These polling results would suggest that the Japanese people are far more concerned about the implications of the purported “reinterpretation” for constitutionalism, the rule of law, transparency, and democracy, than they are worried about the actual strategic implications of the proposed shift. And so they should be. The Cabinet Resolution amounts to “a constitutional coup”, by a prime minister who has stated not only by his actions, but by his very words that he is the “ultimate authority” when it comes to interpretation of the hightest law of the land. Changes in defence policy may be initially modest, but if “reinterpretation” is not resolutely resisted, future governments may not feel the need for such restraint. This does not auger well for democracy or indeed the entire constitutional order in Japan. And that is where the argument about this “reinterpretation” should properly be focused.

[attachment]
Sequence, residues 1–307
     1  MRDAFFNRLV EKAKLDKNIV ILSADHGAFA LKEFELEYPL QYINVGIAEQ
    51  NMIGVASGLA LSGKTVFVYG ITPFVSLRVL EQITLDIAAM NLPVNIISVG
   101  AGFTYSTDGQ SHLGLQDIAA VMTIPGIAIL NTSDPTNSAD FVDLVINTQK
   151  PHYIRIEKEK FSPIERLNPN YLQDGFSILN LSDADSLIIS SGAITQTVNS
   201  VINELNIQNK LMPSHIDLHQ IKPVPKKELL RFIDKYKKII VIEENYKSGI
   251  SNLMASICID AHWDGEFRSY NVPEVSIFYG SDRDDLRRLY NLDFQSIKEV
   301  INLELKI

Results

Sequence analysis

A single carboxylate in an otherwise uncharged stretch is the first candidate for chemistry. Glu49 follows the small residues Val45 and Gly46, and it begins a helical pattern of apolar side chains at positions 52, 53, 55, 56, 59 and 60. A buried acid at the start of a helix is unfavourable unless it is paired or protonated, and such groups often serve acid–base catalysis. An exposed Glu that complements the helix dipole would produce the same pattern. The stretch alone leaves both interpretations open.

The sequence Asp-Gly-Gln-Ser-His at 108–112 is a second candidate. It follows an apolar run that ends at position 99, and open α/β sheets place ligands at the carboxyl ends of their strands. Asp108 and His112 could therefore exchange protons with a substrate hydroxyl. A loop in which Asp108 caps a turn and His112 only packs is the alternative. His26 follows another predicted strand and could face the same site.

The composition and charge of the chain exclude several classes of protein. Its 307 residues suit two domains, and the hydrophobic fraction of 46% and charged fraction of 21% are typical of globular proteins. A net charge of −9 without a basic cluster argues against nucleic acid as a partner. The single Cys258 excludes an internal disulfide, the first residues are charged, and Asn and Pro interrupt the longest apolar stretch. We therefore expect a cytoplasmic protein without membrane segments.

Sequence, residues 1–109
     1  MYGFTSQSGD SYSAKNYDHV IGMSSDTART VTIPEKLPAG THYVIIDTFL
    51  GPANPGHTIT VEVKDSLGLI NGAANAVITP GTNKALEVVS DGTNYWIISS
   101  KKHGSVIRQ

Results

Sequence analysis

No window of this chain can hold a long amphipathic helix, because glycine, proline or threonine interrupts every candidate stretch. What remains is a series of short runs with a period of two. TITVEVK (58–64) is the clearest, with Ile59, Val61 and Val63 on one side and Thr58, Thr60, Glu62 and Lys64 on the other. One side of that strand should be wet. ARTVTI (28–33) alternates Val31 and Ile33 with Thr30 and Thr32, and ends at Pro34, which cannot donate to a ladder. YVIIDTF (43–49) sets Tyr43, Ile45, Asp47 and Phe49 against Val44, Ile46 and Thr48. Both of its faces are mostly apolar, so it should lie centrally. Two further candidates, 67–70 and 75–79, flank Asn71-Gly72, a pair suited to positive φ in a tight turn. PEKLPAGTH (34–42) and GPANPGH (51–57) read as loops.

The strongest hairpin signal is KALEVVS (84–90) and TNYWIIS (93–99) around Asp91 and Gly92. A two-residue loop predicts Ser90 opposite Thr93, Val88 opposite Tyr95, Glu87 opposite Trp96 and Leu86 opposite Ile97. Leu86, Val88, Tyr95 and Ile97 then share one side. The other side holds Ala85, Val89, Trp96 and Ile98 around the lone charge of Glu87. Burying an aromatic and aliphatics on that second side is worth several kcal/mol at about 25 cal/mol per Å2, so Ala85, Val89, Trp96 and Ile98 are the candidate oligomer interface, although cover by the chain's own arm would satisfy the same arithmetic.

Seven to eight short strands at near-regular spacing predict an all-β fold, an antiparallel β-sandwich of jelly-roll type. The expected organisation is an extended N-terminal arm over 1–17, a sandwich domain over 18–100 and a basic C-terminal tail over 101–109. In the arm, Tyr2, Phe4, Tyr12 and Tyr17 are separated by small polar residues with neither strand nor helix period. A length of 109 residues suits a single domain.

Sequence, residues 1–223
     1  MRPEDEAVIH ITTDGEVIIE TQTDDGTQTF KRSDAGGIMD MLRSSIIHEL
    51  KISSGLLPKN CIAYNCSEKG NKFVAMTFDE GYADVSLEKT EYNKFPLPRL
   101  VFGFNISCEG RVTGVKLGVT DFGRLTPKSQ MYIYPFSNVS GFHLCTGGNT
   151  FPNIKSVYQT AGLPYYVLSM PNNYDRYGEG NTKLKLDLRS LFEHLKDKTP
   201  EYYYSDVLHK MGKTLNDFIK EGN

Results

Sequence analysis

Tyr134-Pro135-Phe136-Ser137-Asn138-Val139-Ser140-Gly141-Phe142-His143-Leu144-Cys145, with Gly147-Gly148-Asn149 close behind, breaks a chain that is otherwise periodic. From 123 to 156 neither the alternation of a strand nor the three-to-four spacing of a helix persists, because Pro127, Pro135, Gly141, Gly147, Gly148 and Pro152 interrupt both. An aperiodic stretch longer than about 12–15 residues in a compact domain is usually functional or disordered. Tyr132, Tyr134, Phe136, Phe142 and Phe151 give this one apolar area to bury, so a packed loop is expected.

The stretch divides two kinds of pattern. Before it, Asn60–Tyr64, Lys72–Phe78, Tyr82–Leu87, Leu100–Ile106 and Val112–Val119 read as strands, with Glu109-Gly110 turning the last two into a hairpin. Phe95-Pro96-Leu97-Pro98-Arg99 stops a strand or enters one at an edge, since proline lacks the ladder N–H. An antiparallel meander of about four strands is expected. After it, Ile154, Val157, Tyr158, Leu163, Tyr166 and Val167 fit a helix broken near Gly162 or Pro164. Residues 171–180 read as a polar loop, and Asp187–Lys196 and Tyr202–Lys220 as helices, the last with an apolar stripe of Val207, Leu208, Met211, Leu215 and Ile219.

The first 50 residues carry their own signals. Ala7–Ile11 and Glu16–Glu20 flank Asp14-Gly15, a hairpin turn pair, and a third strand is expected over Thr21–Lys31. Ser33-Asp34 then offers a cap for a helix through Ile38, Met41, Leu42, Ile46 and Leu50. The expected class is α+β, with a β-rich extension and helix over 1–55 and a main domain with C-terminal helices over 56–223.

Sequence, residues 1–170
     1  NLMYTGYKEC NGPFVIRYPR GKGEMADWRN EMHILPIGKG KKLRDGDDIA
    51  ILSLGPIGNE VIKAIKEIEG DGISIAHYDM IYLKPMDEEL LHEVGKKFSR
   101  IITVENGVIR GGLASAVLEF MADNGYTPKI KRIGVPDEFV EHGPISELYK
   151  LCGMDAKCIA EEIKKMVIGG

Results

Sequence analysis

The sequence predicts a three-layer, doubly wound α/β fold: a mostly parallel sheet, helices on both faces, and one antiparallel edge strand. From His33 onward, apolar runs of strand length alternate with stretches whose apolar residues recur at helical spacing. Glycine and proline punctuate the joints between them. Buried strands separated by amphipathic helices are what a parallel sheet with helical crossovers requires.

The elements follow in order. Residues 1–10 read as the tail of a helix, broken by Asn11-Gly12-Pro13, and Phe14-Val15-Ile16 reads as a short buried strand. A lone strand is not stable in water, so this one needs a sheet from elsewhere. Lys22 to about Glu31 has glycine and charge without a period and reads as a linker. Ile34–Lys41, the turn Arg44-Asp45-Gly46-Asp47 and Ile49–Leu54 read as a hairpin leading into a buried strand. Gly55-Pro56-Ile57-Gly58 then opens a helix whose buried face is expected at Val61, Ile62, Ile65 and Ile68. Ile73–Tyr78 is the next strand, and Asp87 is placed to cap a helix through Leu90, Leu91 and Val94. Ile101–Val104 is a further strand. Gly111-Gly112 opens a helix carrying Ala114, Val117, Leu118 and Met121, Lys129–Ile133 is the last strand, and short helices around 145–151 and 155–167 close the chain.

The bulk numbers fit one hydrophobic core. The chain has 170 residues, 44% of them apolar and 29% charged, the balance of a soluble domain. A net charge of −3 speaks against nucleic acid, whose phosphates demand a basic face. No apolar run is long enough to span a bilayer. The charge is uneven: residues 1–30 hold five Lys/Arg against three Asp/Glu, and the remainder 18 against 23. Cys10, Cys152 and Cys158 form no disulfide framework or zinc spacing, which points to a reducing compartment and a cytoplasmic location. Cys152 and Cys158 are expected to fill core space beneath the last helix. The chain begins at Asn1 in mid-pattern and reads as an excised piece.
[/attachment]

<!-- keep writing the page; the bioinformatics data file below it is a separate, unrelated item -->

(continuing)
Bryce Wakefield is assistant professor of Japanese politics and international relations at Leiden University. Craig Martin is associate professor of law at Washburn University. The views expressed in this article are their own.